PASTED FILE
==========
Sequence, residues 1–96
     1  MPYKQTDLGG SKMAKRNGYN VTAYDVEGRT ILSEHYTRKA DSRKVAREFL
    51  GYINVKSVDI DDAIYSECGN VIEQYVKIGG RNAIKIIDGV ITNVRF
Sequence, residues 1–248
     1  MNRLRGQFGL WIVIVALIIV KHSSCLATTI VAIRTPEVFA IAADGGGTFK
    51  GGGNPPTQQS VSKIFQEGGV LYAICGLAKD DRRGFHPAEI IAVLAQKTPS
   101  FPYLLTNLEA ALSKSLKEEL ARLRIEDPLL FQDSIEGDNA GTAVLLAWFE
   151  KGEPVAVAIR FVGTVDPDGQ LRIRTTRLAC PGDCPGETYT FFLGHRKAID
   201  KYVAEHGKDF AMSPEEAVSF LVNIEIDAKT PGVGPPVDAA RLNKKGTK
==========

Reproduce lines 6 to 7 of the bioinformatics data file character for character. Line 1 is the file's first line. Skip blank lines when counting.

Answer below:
    51  GGGNPPTQQS VSKIFQEGGV LYAICGLAKD DRRGFHPAEI IAVLAQKTPS
   101  FPYLLTNLEA ALSKSLKEEL ARLRIEDPLL FQDSIEGDNA GTAVLLAWFE